Now, before you run off somewhere thinking we've done all we can with this story, sit back down and take a look at those illustrations. Aren't they amazing? Well, you can thank a very talented man for them. For now, we'll call him Dr. Seuss.
That's right. The story's writer and the illustrator are the very same person. Because he's that rock n' roll.
And boy, what illustrations they are. These are colorful, whimsical, full-page watercolor masterpieces made just for us. Don't you feel special? We sure do.
Dr. Seuss and his illustrations are like Wayne and Garth or Will and Carlton once they overcame their differences or peanut butter once it starts hanging out with jelly: they're inseparable.
Just stop for a moment and think about what this story (or any Dr. Seuss story) would be without the illustrations. Not so great, right?
The illustrations don't just accompany this story; they are the story.
Need proof? Let's take a stroll through a few illustrative themes.
Check out the illustrations for stanzas 1-3. Your child isn't the biggest thing in the world, but they don't exactly look small as they head out of town. That forward tilt indicates motion and that puffed out chest means confidence. They look bigger than they are because they feel bigger than they are.
We feel this even as your child heads out into those wide open fields (4) and marches with those purple elephants (5, 6). In fact, in this scene your child is almost as tall as those elephants. Who needs to eat their spinach when you've got the power of confidence, right? And, lest it escape your attention, take a look at the smiles on those elephants, too. Seems like confidence is contagious after all.
But this size is not a constant. In fact, whenever your child is lost and confused, they look so small and vulnerable, it's hard not to reach right into the book and fight off the bad guys for them.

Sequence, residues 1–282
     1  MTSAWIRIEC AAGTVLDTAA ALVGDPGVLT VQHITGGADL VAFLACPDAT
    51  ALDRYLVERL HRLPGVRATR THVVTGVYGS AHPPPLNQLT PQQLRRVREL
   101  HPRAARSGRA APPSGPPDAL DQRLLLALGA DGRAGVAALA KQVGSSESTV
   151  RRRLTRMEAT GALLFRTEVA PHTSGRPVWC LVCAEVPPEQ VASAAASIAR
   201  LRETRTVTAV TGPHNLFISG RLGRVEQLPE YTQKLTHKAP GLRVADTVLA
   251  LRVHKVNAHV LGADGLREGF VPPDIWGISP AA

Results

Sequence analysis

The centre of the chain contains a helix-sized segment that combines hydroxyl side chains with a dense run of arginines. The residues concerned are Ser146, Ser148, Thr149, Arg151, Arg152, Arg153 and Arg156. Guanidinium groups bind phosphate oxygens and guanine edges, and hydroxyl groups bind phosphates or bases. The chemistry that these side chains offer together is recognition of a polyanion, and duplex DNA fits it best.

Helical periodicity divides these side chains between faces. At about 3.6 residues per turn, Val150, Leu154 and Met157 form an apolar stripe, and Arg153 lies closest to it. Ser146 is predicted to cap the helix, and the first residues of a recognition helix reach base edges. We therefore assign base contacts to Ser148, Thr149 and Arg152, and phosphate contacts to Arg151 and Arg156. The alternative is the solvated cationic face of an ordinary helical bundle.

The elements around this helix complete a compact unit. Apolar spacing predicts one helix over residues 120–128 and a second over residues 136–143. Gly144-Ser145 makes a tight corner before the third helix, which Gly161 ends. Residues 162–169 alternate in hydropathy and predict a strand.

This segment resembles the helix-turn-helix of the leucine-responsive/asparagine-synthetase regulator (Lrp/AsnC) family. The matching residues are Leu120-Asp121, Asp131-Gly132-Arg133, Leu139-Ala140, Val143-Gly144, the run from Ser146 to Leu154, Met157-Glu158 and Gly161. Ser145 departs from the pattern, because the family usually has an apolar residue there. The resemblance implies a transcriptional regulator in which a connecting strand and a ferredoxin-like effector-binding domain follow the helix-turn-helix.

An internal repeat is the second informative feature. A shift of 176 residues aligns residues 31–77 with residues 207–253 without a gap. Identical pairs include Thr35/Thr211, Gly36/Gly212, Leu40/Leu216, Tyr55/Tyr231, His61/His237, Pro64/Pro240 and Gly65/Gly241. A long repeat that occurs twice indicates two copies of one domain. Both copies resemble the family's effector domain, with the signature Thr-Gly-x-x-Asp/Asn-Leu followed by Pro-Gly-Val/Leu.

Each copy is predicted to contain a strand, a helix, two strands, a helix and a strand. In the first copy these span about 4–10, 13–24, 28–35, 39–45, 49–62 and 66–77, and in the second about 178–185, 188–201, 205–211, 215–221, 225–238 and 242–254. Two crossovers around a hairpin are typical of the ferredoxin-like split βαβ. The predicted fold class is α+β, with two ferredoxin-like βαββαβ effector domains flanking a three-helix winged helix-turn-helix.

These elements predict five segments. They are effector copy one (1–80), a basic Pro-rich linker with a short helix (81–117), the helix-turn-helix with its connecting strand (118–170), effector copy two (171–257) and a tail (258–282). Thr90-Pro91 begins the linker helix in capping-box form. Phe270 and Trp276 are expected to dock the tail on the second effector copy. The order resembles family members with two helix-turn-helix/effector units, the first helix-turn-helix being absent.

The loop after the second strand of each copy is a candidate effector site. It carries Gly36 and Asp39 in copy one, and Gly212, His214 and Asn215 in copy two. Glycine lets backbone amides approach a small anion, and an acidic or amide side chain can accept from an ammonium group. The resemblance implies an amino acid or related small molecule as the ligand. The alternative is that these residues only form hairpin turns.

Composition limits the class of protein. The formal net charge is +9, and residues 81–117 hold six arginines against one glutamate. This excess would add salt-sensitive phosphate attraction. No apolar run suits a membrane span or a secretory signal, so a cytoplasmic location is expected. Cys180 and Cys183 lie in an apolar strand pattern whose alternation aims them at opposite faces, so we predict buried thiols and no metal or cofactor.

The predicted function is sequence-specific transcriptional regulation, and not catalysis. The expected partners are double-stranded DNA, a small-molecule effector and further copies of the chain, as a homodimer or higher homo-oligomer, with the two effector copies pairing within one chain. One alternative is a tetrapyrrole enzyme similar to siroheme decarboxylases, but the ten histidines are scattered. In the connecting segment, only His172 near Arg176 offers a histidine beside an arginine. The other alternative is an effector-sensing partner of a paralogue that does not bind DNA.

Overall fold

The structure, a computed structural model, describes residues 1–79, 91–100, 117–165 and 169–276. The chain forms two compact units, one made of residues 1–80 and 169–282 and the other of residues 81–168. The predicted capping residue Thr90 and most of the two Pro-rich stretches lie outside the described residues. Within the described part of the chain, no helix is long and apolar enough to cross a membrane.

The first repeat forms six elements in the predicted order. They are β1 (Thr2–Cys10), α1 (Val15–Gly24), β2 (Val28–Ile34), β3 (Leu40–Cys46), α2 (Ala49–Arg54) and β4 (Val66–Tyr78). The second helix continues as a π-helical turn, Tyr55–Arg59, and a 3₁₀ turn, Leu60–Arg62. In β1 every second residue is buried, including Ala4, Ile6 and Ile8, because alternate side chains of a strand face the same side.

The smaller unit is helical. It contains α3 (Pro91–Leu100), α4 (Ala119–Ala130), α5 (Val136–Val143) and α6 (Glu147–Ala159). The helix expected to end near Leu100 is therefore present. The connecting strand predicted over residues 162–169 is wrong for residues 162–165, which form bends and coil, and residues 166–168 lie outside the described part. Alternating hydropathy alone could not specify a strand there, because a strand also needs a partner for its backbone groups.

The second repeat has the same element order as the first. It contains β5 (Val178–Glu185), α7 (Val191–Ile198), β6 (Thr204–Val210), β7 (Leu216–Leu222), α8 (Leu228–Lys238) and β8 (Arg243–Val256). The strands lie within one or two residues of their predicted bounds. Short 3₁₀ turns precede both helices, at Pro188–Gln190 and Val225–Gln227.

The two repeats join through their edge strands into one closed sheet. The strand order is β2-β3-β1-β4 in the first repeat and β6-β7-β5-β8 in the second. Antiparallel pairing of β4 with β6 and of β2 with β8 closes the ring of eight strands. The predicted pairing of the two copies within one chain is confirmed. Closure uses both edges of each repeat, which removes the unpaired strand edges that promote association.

There are many examples of this, but the illustration for stanzas 26 and 27 ("All alone!") is one of the best. Look at how small your child looks standing there at the very beginning of that long, dark road. Everything is bigger than them, from the leafless, burnt trees to that gate that looks like gnarled fingernails to those leering blobby things.
The same goes for the Hakken-Kraks illustration, as well as the road to the Waiting Place.
When does your child look big again? Oh, only when they've learned their lesson and can pat the nose of a green monster and haul a mountain from one place to the other like they were born to schlep. We're telling you, confidence is the key.
There is only one other time when your child looks this small: when experiencing a moment of awe and wonder. Just look at stanza 7. Here, your child is but a speck in this great, wide, wondrous world of stripes. And we don't mind for an instant.
Just like size, the light and color palettes vary throughout the story along with your child's experience and psychological state.
Take a look at stanza 2 when we're still in the suburbs. It's a nice sunny day, complete with yellow, green and pink—nice and cheery, but nothing mind-blowing. As your child heads out into the fields (5) we add blue and purple to the palette. By the next two stanzas (6 & 7), we've got the same colors, but now we're seeing them used in an intricate canopy attached to the backs of elephants.
And then. Holy wow, Batman! In stanza 8 there are colors all over the place. We have reds and pinks now, too, and they're going every which way across all sorts of curves.
But of course, when your child snags on a tree (11-13) dark grey dominates the landscape, not to mention all of those harsh, scraggly lines. Next up, the Slump (12, 14) where we have nothing but black, blue and purple.
Repeat this pattern throughout the book, and you have a few dark colors when your child is struggling (see Hakken-Kraks, the road to the Waiting Place, walking through the Slump) and many light colors (see soaring in the balloon, Boom Bands, kicking that ball) when the world is at your child's feet.
See what we mean now? The illustrations convey both the emotional and physical experience of the story. There's no story without them.